A major transformation in the addiction treatment field is underway.
Multiple, significant factors are converging to create a new era wherein data, technology and market forces are constructing a new and enhanced path forward.
This transition presents the best opportunity the field of Behavioral Health has experienced in decades to improve treatment success rates, standardize clinical protocols and secure its rightful place as a valid and valued healthcare specialty.
The decisions treatment providers, their financiers and insurance companies will make in this transition will have a profound influence on the addiction treatment space for many years to come.
In order to understand the transformation the field of addiction is currently undergoing, it is important to fully understand the complex mosaic of business and economic interests in the addiction treatment space.
Our nation’s entire healthcare system is undergoing a radical transformation in the provision of healthcare and specifically in addiction treatment. Reimbursement for the provision of care is dramatically changing and rates for addiction treatment services are declining.
One of the most important components for treatment providers to consider is the pervasive position that health insurance companies do not believe many treatment modalities are broadly effective. Because most treatment providers cannot produce data to demonstrate the long-term clinical efficacy of their programs, payers are beginning to scrutinize the value of subsidizing treatment for their members. This may be particularly true of abstinence-based programs.
Mergers and acquisitions by sophisticated private equity firms are increasingly common in the healthcare sector and the addiction treatment field is experiencing the same, resulting in a more consolidated and corporatized industry.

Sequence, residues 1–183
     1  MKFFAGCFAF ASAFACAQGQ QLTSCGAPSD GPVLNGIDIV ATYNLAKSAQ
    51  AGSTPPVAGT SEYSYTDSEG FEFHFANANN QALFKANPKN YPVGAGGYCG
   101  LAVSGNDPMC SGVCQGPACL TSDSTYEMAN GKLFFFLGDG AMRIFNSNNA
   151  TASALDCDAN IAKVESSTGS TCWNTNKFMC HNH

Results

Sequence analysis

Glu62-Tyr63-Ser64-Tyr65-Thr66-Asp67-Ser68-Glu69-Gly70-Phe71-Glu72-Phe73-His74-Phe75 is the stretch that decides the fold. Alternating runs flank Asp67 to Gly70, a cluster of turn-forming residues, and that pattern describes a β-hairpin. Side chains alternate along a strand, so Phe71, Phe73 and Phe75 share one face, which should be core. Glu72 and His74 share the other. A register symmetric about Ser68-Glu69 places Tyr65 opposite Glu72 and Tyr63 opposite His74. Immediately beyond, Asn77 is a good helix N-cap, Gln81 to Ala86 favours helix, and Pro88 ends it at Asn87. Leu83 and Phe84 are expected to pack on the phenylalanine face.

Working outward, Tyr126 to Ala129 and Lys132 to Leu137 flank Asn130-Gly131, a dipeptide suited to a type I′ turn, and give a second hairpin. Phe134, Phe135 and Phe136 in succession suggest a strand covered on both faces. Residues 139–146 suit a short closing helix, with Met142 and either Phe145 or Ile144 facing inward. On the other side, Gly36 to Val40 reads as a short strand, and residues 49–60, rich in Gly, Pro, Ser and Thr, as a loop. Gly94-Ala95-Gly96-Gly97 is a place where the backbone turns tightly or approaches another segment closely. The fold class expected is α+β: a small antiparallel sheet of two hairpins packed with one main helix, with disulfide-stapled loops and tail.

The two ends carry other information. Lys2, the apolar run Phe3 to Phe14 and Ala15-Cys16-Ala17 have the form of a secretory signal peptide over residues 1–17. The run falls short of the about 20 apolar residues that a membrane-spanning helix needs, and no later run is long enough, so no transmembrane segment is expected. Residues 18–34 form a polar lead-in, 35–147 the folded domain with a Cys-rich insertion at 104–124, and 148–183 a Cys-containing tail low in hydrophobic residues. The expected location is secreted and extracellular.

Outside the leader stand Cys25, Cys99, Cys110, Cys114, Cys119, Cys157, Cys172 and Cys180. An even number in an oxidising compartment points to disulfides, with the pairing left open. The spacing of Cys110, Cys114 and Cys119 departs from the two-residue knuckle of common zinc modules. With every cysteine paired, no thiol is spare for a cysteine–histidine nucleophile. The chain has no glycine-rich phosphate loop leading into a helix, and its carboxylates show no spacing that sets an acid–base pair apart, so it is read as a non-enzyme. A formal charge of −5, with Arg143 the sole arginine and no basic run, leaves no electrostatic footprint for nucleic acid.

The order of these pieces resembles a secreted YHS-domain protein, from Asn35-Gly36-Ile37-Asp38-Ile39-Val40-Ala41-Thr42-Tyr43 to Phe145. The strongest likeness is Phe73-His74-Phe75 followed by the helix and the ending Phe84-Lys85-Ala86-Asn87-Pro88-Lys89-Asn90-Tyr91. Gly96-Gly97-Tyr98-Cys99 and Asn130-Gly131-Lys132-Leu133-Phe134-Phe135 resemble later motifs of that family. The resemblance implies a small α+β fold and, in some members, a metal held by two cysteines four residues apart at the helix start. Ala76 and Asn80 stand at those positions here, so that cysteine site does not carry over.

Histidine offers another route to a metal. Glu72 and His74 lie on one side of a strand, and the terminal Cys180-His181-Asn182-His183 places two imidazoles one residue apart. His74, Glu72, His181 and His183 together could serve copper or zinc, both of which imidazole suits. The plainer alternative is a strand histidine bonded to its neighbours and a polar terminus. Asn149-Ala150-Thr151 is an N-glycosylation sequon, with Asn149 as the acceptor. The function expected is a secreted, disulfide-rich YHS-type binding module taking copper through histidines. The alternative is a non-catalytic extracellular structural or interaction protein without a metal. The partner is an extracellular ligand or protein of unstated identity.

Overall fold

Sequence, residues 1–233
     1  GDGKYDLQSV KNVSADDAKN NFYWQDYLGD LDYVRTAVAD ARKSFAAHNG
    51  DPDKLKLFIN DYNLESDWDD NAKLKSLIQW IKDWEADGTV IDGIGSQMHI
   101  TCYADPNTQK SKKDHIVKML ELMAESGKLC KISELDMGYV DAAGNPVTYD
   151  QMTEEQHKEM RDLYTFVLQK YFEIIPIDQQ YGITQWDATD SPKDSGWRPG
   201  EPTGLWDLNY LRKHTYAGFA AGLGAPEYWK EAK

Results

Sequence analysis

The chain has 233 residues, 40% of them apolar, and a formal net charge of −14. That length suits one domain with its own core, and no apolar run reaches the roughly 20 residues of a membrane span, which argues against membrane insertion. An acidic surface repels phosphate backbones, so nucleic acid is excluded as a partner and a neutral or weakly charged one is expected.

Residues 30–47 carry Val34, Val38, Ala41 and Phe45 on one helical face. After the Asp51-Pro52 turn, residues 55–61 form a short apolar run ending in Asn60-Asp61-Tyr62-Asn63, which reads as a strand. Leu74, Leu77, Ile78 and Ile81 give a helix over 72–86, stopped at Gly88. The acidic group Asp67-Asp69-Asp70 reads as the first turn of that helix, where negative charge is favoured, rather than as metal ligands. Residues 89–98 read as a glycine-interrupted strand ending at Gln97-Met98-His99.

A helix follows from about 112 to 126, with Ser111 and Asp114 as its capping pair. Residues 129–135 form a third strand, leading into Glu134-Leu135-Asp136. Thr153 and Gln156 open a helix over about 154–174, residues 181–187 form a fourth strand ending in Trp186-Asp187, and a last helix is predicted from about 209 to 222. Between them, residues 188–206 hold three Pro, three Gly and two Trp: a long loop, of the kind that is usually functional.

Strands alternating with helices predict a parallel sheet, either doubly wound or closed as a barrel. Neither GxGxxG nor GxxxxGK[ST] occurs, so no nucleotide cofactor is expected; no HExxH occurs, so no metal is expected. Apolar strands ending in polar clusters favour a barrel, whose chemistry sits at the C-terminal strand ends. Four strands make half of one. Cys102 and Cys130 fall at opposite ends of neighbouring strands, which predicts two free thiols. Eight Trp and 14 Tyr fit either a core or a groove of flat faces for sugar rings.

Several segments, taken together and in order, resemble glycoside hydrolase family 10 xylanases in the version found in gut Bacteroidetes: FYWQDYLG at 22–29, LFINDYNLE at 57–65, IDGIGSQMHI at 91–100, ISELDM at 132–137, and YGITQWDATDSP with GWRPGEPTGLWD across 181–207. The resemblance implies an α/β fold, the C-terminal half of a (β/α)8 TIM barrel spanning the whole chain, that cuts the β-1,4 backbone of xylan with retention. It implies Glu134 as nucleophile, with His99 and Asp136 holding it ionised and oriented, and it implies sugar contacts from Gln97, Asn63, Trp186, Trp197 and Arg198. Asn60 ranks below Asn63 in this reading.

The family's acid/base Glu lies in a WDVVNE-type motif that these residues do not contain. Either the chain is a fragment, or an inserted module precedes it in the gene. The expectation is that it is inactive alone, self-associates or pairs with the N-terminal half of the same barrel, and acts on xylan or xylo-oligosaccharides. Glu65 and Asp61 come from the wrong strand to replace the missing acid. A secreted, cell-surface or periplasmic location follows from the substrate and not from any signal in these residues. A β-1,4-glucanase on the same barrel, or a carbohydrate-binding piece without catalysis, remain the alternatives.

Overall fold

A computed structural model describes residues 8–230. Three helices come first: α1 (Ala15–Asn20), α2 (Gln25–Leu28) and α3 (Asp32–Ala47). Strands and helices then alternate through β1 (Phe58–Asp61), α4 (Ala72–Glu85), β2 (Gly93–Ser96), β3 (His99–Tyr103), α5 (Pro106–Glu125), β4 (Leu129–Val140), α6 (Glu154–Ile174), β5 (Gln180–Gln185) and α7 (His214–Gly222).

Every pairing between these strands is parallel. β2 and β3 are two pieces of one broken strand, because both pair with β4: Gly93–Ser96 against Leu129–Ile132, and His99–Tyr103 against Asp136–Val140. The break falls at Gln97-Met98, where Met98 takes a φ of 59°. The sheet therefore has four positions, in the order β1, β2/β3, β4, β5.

These investor groups have a fiduciary duty and operate to consistently achieve financial performance milestones. A major factor in the surge of mergers and acquisitions is driven by the massive delta between the 22.7 million Americans who need addiction treatment  and the 2.5 million Americans who actually receive treatment at a licensed facility .
When the number of 20.2 million untreated Americans who fit the criteria for a substance use disorder diagnosis is combined with the rollout of the Affordable Care Act (ACA), astute and savvy investors recognize an enormous opportunity.
Most acquisitions, which are valued by using various financial formulas to arrive at an Earnings before Interest, Taxes, Depreciation and Amortization (EBITDA), also factor in toxicology revenue and out-of-network reimbursement rates in order to arrive at purchase prices.
As a revenue generator, toxicology services are rapidly coming to an end. Additionally, out-of-network providers face greater obstacles than ever to being paid by insurance carriers. Reimbursement rates for out-of-network insurance claims are diminishing and insurance companies have implemented long-term, cost-effective strategies to preclude their members from accessing out-of-network providers for treatment.
The terms and quality of many policies provided through the ACA have been disappointing for providers. High deductibles and co-insurance have left some people seeking treatment with coverage that is cost prohibitive and virtually inaccessible.